QHD on GS5 Prime with SD805 is giving about the same battery life as the 'regular GS5'. Here in this review Michael Fisher confirms that:

14. StraightEdgeNexus

Posts: 3689; Member since: Feb 14, 2014

depends on the Panel efficiency too

15. Duketytz

Posts: 534; Member since: Nov 28, 2013

SD805 is more power efficient than 801. I'm pretty sure without the extra pixels to push, a regular S5 with a SD805 will score better life than with a QHD display

36. tech2

Posts: 3487; Member since: Oct 26, 2012

True but broadly speaking, QHD Amoled panels are pretty efficient unlike LCDs. So the argument of 'give us better battery instead of QHD' really doesn't much water in today's age. The technological revolution shouldn't be halted just because the battery department isn't receiving any break-through. For all those who still disagree with me I'm sure the Note 4 Neo will support a non-QHD panel so that everyone can be happy rather then keep complaining on QHDs.

42. Ashoaib

Posts: 3276; Member since: Nov 15, 2013

their point about QHD is applicable to all LCDs, not Amoleds..

30. bodzio1809

Posts: 407; Member since: Aug 28, 2013

Thanks to more efficient S805. Imagine S5 with fullHD and S805. Much better performance and battery life.

19. a_merryman

Posts: 749; Member since: Dec 14, 2011

It has the same specs as the GS5, or the Z3 (almost). I don't understand the logic. Only the Note 4 and Note Edge use the 805 processor, and only 3 models in the US come with quad-HD...and the screen on the G3 isn't supposed to be that good/worth the trade offs anyhow. I don't understand how it doesn't have high end specs this year.....

37. Retro-touch unregistered

There's a GS5 LTE-A version, LG G3 LTE-A version sold in Korea that have the S805 processor. Anandtech did a review of the GS5

29. DeDex

Posts: 121; Member since: Sep 01, 2014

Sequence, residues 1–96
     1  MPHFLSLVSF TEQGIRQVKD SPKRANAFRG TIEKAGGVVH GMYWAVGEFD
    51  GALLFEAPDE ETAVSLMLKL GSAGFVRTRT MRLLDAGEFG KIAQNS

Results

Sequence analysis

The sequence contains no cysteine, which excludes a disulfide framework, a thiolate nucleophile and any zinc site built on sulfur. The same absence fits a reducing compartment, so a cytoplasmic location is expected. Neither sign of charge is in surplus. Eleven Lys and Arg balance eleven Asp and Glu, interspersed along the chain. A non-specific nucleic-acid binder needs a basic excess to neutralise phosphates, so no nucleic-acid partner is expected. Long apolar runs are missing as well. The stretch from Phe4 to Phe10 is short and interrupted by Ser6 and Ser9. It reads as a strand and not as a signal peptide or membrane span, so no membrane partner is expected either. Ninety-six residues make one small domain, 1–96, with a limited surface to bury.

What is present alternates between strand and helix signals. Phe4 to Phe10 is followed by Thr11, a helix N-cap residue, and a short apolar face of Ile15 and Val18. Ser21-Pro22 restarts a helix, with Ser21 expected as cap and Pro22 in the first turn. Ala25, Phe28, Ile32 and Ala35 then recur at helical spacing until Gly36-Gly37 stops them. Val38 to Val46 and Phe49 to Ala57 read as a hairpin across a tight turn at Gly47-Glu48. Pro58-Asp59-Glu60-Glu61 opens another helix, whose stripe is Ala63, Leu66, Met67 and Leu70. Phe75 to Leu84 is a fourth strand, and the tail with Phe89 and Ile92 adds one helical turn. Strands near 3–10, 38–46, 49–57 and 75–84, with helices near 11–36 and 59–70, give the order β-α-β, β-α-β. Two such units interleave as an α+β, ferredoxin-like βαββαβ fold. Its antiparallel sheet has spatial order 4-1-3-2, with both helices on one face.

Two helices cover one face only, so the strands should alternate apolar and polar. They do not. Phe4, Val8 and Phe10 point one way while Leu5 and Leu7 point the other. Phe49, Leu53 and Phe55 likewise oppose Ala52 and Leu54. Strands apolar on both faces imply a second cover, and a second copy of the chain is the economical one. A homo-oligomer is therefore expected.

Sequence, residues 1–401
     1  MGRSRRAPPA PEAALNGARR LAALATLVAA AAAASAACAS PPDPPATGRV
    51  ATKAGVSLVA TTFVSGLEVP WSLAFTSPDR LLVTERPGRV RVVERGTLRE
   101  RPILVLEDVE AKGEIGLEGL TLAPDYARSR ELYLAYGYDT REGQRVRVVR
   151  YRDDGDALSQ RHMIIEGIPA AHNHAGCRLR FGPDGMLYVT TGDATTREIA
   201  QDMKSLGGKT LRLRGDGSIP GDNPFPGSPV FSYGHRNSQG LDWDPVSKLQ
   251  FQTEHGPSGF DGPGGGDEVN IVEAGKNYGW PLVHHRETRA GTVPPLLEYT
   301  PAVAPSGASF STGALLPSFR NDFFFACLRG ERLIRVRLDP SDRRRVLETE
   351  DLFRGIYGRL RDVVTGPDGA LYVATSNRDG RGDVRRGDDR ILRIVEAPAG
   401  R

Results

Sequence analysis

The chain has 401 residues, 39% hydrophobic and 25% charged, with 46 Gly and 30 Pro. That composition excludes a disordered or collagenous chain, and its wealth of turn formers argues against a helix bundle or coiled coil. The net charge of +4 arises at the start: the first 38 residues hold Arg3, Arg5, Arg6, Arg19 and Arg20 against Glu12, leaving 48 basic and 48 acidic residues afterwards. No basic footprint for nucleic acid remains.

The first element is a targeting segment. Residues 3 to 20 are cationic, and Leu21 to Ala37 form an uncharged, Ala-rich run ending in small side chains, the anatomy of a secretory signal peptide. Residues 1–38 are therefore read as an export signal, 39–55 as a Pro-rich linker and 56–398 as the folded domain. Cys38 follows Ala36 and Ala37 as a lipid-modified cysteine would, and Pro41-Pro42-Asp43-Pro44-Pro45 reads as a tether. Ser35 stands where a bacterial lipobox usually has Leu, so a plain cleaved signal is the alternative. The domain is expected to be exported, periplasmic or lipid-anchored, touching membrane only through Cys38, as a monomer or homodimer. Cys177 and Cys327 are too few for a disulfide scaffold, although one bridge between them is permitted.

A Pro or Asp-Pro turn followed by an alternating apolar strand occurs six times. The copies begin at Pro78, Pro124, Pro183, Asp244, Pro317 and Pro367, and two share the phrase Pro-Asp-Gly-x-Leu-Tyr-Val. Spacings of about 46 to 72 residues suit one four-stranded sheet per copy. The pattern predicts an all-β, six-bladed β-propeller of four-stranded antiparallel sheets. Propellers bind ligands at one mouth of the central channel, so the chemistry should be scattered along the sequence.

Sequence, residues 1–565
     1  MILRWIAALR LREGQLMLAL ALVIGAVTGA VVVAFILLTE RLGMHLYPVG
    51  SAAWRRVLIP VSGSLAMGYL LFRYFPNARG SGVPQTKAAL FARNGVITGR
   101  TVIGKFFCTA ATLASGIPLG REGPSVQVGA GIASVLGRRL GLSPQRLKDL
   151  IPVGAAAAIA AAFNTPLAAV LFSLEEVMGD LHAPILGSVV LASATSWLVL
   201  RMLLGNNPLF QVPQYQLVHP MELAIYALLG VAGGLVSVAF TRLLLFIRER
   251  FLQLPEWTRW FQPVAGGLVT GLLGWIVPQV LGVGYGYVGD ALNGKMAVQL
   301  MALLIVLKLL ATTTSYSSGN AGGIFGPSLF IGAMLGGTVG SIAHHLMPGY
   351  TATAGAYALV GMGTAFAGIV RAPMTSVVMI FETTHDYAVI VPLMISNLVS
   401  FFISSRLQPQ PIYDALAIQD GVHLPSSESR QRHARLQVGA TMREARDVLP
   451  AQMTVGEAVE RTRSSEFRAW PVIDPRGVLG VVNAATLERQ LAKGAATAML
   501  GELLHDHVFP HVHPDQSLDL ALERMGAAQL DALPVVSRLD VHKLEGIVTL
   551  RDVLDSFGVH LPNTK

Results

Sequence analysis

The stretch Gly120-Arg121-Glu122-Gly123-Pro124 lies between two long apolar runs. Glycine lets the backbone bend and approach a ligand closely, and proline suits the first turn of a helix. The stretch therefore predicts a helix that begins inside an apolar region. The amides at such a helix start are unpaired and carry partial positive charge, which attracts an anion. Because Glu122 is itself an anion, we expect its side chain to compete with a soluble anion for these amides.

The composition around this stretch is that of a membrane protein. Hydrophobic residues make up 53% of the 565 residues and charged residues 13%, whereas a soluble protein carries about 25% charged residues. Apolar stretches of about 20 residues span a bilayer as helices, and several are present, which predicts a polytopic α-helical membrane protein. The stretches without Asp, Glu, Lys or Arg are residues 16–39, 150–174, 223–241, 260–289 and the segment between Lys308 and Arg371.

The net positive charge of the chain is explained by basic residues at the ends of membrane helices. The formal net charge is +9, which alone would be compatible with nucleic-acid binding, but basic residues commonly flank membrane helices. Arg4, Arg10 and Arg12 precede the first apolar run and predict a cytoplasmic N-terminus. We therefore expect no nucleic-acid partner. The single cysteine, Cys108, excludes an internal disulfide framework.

Just look at the internal storage options. 16GB or 32GB, no external storage option. For the price and given the fact it's 2014, this is definitely not flagship-worthy. Agree on the screen resolution though, 5.2in with 1080p is sufficient for me.

3. crazymonkey05

Posts: 188; Member since: Nov 20, 2012

This device looks sexy!!

5. Sniggly

Posts: 7305; Member since: Dec 05, 2009

I really want this. I'm going to seriously have to sit on my hands for the next couple of months, lol.

18. StraightEdgeNexus

Posts: 3689; Member since: Feb 14, 2014

non expandable memory is disappointing though, and I expected a slightly larger battery.

7. fzacek

Posts: 2486; Member since: Jan 26, 2014

2300mAh battery is very bad...

10. Phonedingo

Posts: 399; Member since: Aug 16, 2014

Yep. Considering the icon gets alot a s**t for its crappy battery, this seems like a no go for me.

38. FoneAddict

Posts: 263; Member since: Jul 05, 2011

I thought I misread that 2300mAh is way too small! WTF Motorola?!!

9. Phonedingo

Posts: 399; Member since: Aug 16, 2014

Gsmarena is reporting the battery capacity to be only 2300.

11. Sniggly

Posts: 7305; Member since: Dec 05, 2009

The original Moto X's battery was slightly smaller at 2200 mAh. I'm sure it'll be fine.

16. StraightEdgeNexus

Posts: 3689; Member since: Feb 14, 2014

check this out tremendous optimization and efficiency

22. Killua

Posts: 270; Member since: Nov 25, 2013

It was 720p though. For 5.2" 1080p it's not exactly reassuring.

23. Phonedingo

Posts: 399; Member since: Aug 16, 2014

Exactly. Worst case scenario, the Maxx saves it anyways.

24. StraightEdgeNexus

Posts: 3689; Member since: Feb 14, 2014

Now thats a big concern, not to mention the more powerful S801.

* Some comments have been hidden, because they don't meet the discussions rules.